Let’s first delete the generic text because we don’t need it at this point (all except the first code chunk that is - we’ll get back to that in a second).

Default RMD just setup chunk

Basic Anatomy of the Code Chunk

You can quickly insert chunks like these into your file with:

The most basic (and empty) code chunk looks like so:

blank Rmd code chunk

Other than our backticks ``` for code chunks that surround the code top and bottom, the only required piece is the specified language (r) placed between the curly brackets. This indicates that the language to read the code is R.

Let’s all start a new code chunk by typing our our starting backticks & r between curly brackets. (in your own workflow you may want to add the ending three backticks as well so you don’t forget after adding your code - it’s a common mistake):

Fun fact: Other Programming Languages

Although we will (mostly) be using R in this workshop, it’s possible to use other programming or markup languages. For example, we have seen that we can use LaTeX code for equations. You can also use python and a handful of other languages, so if R is not your preferred programming, but you like working in the RStudio environment, don’t despair! Other options for languages include: sql, julia, bash, and c, etc. It should be noted however, that some languages (like python) will require installing and loading additional packages.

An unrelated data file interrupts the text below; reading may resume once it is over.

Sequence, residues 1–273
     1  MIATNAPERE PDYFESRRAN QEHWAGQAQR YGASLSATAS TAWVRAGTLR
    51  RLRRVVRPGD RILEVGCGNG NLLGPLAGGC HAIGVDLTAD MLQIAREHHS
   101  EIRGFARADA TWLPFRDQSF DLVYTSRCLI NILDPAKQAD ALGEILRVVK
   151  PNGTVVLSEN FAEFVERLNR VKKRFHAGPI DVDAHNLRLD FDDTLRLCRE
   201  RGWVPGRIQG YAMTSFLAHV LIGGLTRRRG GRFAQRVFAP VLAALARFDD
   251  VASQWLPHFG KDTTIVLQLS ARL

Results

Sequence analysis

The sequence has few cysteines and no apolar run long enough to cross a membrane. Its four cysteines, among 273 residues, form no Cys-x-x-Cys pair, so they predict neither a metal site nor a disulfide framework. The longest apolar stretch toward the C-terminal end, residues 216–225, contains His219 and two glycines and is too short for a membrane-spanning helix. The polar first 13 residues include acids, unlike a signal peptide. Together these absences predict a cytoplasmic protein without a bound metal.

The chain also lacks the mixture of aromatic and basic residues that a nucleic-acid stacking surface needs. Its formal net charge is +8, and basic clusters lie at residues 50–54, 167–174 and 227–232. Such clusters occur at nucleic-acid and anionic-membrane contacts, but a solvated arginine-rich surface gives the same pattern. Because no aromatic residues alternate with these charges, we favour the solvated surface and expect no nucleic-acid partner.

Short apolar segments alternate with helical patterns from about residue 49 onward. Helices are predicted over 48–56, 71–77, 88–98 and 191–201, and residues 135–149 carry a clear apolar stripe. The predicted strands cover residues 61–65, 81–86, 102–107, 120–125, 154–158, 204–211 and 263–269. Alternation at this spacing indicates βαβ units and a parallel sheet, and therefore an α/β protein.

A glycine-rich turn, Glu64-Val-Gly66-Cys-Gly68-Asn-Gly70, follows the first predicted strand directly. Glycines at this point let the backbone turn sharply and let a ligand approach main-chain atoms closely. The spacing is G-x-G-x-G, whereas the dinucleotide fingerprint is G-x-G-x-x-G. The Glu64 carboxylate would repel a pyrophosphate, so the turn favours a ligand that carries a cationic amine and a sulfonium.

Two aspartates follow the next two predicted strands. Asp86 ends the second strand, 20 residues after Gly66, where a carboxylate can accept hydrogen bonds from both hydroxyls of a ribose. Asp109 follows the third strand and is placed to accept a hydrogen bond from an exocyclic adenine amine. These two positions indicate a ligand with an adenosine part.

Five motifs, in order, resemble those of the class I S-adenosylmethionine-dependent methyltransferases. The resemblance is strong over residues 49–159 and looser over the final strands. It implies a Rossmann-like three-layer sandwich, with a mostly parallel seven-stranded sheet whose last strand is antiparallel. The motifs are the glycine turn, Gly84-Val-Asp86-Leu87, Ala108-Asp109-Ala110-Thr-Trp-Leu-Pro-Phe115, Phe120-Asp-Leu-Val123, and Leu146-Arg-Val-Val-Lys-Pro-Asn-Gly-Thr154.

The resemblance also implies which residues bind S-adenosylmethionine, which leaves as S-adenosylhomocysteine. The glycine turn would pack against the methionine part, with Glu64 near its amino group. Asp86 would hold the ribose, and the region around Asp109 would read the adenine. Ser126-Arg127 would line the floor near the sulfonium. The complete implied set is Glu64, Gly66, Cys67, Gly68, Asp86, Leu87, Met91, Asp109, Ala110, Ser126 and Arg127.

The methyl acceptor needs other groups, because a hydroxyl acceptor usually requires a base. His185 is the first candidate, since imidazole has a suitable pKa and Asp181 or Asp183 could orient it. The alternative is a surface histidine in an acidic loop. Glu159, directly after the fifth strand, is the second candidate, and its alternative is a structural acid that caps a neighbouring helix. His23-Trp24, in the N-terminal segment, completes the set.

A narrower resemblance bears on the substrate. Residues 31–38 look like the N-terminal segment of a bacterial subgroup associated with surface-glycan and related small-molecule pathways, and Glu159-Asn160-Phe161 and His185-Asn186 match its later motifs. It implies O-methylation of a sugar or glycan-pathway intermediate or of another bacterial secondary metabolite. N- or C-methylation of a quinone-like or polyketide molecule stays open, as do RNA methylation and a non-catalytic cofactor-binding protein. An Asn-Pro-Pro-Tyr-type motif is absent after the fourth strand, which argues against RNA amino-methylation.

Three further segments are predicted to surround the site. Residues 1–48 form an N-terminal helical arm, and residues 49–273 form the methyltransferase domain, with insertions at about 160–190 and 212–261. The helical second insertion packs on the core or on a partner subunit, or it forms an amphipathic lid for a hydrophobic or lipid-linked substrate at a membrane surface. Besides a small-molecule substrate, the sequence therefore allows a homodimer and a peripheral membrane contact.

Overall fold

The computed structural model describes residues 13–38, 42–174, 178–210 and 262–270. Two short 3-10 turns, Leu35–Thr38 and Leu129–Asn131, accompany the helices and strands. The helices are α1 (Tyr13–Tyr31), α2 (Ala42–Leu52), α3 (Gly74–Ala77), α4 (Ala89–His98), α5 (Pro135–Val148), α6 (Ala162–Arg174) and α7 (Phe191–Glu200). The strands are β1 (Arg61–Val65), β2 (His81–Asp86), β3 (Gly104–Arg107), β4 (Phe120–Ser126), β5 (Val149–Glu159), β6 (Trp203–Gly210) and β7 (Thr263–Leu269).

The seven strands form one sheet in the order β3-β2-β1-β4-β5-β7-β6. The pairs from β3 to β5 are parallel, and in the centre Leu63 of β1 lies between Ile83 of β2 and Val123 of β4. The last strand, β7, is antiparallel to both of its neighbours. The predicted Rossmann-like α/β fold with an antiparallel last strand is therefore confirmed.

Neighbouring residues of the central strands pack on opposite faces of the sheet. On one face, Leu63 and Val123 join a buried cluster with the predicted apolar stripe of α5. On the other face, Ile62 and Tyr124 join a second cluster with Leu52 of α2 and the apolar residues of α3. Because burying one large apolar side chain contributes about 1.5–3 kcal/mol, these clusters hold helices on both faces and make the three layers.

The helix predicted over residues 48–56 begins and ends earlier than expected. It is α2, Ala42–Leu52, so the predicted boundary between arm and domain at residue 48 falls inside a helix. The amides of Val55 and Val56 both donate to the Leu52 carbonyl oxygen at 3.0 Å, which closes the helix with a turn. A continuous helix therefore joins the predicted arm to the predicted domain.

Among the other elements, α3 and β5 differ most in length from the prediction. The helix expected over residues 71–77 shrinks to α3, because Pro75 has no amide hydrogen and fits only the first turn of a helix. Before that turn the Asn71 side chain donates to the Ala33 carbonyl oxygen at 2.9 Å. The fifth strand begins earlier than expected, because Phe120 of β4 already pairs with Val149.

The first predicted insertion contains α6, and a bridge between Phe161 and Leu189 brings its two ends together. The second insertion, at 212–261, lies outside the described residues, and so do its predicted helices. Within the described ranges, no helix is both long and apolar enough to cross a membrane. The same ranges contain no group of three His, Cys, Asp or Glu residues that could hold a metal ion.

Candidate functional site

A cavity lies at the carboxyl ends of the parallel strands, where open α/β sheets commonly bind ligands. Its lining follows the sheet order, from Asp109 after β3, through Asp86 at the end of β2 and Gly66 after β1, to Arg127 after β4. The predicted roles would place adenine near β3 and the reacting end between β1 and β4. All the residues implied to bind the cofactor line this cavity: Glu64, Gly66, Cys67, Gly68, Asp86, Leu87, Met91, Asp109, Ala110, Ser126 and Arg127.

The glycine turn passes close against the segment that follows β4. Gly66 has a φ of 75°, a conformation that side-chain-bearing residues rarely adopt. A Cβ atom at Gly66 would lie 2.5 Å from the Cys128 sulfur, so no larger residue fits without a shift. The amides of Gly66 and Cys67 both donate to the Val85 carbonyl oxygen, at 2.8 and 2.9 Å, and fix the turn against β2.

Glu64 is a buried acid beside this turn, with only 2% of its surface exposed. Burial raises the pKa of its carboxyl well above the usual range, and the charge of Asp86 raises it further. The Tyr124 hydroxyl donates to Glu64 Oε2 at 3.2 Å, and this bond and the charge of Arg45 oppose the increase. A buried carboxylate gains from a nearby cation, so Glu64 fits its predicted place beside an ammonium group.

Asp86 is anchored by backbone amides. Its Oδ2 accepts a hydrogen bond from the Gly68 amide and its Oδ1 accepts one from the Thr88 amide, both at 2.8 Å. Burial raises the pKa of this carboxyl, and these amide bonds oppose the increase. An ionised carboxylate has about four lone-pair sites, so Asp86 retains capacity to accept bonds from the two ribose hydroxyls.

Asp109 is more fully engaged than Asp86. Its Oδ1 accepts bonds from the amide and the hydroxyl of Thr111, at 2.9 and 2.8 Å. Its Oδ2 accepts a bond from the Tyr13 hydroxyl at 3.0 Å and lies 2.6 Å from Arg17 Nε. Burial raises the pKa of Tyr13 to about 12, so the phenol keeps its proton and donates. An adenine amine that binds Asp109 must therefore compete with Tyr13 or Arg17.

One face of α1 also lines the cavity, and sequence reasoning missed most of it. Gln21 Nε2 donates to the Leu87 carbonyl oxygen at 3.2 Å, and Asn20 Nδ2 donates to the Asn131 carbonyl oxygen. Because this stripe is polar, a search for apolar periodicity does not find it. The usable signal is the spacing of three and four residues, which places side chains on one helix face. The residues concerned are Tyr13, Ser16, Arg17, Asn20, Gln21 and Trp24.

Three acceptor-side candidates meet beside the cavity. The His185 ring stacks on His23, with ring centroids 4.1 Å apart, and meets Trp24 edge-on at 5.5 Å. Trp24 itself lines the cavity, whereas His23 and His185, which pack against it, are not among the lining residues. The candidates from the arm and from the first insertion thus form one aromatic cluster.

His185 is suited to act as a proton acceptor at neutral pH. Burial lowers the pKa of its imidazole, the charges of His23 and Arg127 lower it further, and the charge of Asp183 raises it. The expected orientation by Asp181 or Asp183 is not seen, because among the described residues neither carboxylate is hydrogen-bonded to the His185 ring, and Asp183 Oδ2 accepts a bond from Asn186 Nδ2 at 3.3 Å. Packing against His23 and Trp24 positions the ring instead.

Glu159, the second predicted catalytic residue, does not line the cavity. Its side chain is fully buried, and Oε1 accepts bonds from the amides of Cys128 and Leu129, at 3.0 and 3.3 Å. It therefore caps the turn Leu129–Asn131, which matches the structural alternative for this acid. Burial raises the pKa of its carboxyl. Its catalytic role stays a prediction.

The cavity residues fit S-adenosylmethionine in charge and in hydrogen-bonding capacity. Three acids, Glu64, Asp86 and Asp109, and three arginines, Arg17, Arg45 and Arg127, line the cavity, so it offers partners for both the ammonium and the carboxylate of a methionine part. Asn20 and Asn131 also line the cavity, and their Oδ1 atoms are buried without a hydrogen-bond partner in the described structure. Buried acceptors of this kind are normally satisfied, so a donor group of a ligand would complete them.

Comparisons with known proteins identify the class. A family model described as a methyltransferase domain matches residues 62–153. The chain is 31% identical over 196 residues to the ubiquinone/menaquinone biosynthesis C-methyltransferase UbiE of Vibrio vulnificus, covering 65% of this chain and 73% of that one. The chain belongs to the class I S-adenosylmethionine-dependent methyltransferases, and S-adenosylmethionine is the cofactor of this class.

Add a Code Chunk

Ok, let’s add some code! There are already some plots included in our code but as static images. This time, we are going to opt to add these plots as code chunks - which are also more reproducible and easier to update. This is because, as with our inline code, this assures that if there are any changes to the data, the plots update automatically. This also makes our life easier because when there’s a change we don’t have to re-generate plots, save them as images and then add them back in to our paper. This will potentially help prevent version errors as well! So we’re actually going to go ahead and add a few plots with code chunks.